My life as an ambivalent American Muslim
How can I help reform Islam? I can’t even make it to prayers.
When our flight landed in Tel Aviv, all the passengers were to deplane onto a waiting bus to be ferried across the tarmac to the terminal. All the passengers but four, that is. Three Palestinians and myself, an honorary Palestinian, were taken for further questioning. In the time we had together, we shared names and traded bios. Like me, they were students—studying in Egypt. Unlike me, they called this place home. Unlike me, they had a harder time getting in. For I was Muslim but also—and this confounded one Israeli soldier after another—American.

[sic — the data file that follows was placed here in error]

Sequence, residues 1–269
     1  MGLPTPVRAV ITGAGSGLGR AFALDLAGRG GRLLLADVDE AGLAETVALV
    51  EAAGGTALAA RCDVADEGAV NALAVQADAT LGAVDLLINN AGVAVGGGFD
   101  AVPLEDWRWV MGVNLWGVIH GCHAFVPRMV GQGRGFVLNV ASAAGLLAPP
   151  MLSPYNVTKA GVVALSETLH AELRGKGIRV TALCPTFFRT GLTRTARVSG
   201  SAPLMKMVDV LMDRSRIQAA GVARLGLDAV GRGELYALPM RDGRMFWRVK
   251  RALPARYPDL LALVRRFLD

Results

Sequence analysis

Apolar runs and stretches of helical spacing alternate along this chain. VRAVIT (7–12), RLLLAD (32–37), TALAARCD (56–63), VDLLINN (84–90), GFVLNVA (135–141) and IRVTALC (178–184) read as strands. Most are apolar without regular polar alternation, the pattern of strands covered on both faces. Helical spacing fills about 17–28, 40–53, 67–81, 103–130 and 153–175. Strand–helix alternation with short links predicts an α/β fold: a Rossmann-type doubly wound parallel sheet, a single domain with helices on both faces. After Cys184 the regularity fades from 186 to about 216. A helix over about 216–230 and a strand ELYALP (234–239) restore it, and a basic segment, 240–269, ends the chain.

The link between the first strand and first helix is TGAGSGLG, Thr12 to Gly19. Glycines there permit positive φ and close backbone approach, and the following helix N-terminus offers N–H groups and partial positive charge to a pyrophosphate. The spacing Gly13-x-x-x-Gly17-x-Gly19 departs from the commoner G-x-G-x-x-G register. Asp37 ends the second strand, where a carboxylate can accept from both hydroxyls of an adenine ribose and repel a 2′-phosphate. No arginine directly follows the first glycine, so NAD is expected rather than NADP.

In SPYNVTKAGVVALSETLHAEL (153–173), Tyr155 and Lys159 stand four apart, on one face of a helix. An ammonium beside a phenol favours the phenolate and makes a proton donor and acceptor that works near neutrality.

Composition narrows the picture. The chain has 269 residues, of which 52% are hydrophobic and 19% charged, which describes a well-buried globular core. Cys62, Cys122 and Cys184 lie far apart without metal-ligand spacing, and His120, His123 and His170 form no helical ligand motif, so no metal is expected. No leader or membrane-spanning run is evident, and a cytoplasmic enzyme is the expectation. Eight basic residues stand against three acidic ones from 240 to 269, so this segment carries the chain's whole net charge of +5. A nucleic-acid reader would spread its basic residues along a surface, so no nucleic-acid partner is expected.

Before even reaching passport control, I was interrogated by two women who were very interested in determining if I was callous or dangerous. These were the facts they had to play with: I’d turned 21 a month before. I was single. I’d arrived via Cairo, where I’d already been studying for a month, and after this trip I’d go back for another month. I was studying Arabic. I was of Pakistani descent and roomed, in Cairo, with Haris, an Indian Muslim raised in Saudi Arabia, who was at NYU on a student visa. This most interested them, not just in Tel Aviv, but back in Egypt where the flight originated. Before I had even made it to the ticket counter, two men and a woman pulled me aside for questioning, which began and ended with my naming my friends. Sorry, Bradley, Jeremy, Jacob, and James. I needed white names.
Several hours later I was judged nonthreatening enough to enter. The Lonely Planet guide to Israel hadn’t bothered to include a section for traveling while indigenous or sharing the religion of the indigenous.